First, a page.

“Sorry, I interrupted,” said Dirk. “Carry on.”

“Not long after we called you, Jim did show up again…on his own. We were up by a waterfall we’d found, washing ourselves and he came marching up, not making a hell of a lot of sense, with a strange look in his eye. He said that he’d discovered something amazing. He was going to need more guns, ammunition, explosives, and he also wanted to take some kit away to set up another camp. Only thing was, he didn’t seem inclined to share why, or where. But I think he underestimated the Professor. My father-in-law didn’t get to lead teams around the world and be who he is…was…without having a backbone. He told Jim that – how did he put it? – this wasn’t a pick’n’mix expedition. He’d organised it, paid for it, was more than happy to invite input, but he was in charge. He certainly wasn’t about to hand over the keys to the gun-box or the explosives.

“You know yourself, Dirk, there wasn’t a hope in hell of breaking open those boxes and Jim knew it too. So this was where our photographer friend showed his true colours. He claimed to have left Cobus and Robbie doing a further recce on the other island and said that if the Professor didn’t hand over the keys, he’d leave them there. The Prof was shocked, but he wasn’t simply going to back down. Things got a bit ugly, and Jim’s posturing got more and more aggressive. Now Jane stepped forward and told him to back off. He was behaving like a lunatic at this point. He shoved Jane to one side.” Pete looked down in his best approximation of grief; an emotion he’d only truly experienced when totalling a Lotus a few years before. “She slipped on the rocks.” Catalina placed a reassuring hand on his shoulder. They were working well together, though it would not have surprised Pete if the hand of comfort was also a reminder not to grieve too deeply. It was the hand of a murderess; was she reminding him of that, or was he simply reminding himself? “Her neck must have snapped,” he continued, still watching that hand. “The next thing we know, she’s lying under the water. I rushed forward to see if she was okay, to pull her out of the pool. I didn’t see what happened next.”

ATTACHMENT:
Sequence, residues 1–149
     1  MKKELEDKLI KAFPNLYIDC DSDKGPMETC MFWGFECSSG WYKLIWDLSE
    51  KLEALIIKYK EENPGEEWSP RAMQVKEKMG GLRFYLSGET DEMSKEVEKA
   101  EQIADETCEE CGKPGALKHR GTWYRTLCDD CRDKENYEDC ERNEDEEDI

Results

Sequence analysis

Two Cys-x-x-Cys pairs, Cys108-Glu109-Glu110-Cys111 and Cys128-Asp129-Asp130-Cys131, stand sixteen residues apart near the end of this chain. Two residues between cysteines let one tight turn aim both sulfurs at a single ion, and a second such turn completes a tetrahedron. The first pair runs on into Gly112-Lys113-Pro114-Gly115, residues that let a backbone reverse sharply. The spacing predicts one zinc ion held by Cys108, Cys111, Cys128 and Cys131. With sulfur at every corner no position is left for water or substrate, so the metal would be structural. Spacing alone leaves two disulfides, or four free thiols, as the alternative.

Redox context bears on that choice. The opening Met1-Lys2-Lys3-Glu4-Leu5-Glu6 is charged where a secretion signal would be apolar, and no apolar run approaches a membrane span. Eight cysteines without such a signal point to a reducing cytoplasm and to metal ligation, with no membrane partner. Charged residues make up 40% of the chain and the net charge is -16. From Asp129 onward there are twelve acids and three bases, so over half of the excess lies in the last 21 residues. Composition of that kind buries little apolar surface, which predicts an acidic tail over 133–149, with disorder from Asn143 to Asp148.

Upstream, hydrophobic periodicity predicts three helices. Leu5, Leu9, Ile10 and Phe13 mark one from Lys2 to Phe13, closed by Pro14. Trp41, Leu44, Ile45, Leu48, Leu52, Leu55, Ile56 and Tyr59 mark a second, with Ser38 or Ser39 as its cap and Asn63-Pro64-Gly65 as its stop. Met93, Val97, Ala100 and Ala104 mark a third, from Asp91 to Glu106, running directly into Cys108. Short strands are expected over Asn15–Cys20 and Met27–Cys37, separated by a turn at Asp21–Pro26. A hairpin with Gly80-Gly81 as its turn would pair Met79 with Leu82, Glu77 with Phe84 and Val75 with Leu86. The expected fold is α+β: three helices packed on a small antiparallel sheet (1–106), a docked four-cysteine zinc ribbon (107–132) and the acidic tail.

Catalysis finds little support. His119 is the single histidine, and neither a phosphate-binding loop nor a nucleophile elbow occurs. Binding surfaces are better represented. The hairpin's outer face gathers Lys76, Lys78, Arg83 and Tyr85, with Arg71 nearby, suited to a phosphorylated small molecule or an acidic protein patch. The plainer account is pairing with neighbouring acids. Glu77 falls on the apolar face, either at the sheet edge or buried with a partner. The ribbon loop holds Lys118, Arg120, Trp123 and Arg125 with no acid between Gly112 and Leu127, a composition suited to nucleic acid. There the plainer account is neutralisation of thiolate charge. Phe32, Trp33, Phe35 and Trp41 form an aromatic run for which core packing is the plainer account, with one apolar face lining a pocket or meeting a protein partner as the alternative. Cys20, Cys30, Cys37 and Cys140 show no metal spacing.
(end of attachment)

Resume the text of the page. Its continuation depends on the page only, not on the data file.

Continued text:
“But I did,” Catalina interjected. “Both the Professor and Jim stood there shocked – I don’t think Jim meant to kill her. In fact Pete didn’t notice it, but he seemed to have taken quite a shine to her.”